28 May, 2014
Spruson

Novartis AG v Alpha Helix Inc. [2014] ATMO 45

Novartis AG v Alpha Helix Inc. [2014] ATMO 45

VOLTAREN soothes pain of confusion.

In this case Novartis, the opponent, opposed an International Registration Designating Australia for the mark VOLTAGEN in relation to pre-workout supplements.

The opponent was the owner of the mark VOLTAREN, used in relation to the market leading athletic topical rubs.

The application was opposed on several grounds, however s 60 (that the mark was similar to a mark that has acquired a reputation in Australia) was considered.

Evidence was led as to the reputation of the Voltaren products, showing its market share of 30%, and annual sales in the tens of millions.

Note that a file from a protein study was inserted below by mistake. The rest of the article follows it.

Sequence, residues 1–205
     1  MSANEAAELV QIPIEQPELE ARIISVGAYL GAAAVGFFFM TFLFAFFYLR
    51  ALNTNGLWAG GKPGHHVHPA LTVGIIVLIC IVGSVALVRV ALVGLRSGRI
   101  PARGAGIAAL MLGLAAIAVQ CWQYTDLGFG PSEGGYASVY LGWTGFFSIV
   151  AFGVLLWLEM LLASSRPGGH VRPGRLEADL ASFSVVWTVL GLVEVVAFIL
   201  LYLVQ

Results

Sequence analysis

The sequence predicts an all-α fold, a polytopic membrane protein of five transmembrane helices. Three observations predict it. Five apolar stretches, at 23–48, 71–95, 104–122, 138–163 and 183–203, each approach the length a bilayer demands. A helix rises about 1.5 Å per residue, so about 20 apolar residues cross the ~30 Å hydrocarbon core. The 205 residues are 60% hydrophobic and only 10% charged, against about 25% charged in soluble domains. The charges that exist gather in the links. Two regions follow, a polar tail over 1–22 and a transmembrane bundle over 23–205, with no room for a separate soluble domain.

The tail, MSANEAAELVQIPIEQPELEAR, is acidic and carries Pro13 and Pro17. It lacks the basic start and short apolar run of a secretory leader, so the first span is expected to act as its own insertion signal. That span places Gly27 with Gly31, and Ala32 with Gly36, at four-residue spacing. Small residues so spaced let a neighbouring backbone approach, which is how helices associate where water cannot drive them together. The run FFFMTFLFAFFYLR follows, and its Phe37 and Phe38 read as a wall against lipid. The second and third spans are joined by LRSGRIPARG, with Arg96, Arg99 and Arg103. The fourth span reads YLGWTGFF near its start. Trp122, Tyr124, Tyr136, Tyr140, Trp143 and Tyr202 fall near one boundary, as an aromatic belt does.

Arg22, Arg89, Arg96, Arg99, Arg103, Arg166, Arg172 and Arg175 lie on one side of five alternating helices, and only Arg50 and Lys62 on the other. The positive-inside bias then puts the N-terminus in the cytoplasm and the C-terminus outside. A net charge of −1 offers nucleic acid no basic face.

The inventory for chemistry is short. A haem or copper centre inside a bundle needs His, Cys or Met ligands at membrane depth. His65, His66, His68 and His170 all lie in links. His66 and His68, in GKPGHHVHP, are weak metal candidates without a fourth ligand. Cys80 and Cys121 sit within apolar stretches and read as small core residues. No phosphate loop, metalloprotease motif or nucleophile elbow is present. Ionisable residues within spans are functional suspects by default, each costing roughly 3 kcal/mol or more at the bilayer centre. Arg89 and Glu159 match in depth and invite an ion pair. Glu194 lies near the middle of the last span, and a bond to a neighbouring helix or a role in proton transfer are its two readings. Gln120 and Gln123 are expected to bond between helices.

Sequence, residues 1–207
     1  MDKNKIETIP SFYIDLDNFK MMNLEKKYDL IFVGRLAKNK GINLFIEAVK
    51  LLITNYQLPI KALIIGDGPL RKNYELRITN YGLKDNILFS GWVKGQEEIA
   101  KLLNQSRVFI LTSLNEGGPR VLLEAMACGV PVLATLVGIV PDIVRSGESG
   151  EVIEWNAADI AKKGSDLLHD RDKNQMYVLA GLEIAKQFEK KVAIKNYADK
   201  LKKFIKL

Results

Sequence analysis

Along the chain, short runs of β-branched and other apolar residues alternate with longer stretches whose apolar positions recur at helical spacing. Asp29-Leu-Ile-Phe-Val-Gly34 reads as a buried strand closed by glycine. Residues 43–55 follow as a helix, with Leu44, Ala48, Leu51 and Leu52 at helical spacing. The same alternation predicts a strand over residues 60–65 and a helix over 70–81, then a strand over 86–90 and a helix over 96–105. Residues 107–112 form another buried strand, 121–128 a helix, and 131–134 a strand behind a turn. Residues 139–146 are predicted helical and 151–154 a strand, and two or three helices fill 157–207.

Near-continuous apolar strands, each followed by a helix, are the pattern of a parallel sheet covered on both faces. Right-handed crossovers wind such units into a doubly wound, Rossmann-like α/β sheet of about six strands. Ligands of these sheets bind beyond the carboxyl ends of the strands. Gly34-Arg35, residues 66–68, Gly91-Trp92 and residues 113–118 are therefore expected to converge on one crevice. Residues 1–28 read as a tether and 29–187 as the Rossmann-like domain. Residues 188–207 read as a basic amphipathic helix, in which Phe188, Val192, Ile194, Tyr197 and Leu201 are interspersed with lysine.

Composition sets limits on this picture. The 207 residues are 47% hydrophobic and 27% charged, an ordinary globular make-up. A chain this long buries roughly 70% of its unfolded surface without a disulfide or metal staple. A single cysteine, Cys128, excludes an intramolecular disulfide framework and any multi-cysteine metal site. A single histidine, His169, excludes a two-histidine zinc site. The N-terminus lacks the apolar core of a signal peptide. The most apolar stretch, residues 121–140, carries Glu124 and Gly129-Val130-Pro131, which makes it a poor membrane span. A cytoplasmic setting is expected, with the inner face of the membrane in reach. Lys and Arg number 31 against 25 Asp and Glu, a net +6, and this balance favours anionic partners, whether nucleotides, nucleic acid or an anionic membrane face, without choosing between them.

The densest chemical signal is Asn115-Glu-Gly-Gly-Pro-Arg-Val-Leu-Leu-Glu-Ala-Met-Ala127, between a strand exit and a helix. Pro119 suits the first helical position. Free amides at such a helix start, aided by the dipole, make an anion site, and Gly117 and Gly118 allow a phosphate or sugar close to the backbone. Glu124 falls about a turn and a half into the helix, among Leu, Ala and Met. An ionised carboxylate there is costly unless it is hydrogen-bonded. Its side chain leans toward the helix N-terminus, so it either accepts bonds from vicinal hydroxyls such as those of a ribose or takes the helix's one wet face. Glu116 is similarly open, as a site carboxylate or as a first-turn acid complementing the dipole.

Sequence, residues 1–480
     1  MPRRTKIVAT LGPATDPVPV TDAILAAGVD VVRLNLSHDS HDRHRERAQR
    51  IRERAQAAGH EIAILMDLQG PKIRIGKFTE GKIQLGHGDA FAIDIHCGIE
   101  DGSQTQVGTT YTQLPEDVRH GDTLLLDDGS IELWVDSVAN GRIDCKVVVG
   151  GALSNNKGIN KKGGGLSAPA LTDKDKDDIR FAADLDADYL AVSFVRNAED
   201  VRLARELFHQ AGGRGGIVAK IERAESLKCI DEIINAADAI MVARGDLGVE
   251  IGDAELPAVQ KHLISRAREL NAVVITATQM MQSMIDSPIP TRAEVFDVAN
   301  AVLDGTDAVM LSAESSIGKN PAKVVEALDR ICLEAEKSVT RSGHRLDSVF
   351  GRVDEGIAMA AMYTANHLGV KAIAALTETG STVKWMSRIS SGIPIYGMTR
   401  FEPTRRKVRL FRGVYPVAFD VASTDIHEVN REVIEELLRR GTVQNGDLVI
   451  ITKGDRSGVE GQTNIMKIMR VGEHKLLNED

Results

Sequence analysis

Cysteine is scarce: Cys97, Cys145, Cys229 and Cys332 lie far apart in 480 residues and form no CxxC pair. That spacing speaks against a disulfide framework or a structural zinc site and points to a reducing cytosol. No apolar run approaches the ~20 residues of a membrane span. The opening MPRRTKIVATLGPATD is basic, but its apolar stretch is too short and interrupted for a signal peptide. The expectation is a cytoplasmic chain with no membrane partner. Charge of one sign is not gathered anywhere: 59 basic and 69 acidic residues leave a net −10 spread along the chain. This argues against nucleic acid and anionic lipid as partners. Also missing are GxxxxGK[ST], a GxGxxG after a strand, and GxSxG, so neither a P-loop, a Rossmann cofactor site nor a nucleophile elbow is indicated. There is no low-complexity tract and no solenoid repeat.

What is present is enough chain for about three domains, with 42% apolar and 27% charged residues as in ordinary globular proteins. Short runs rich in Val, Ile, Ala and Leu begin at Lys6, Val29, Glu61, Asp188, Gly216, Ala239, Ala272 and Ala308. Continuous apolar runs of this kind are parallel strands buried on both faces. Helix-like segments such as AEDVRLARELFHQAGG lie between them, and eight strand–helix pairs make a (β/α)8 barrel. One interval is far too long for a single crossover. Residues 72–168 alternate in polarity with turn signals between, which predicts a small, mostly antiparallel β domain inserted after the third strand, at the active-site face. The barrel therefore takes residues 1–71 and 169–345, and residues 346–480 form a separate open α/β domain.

The submissions of the opponent were to the effect that the relevant marks bore a visual and aural similarity, being eight letters in length each and only one letter differentiating them. Further, the reputation the opponent’s mark had acquired included that as a product for ‘boosting’ athletic performance by with use before exercise(similar to the applicant’s mark). As such this was likely to cause confusion amongst those in the market of some sort of connection.

The application to register the mark was successfully opposed.

To view the Office decision, click here.

 

This article is an extract from Spruson & Ferguson’s monthly summary of Australian Trade Mark Office decisions. You can view the entire month’s summary here.


KHAJAQUE KORTIAN

Principal / Solicitor / Trade Mark Attorney
Litigation Team, Trade Marks Team
Sydney, Australia

DANIEL WILSON

Trade Mark Attorney
Trade Marks Team
Sydney, Australia

JARED BENNETT

Solicitor
Commercialisation Team
Sydney, Australia

 

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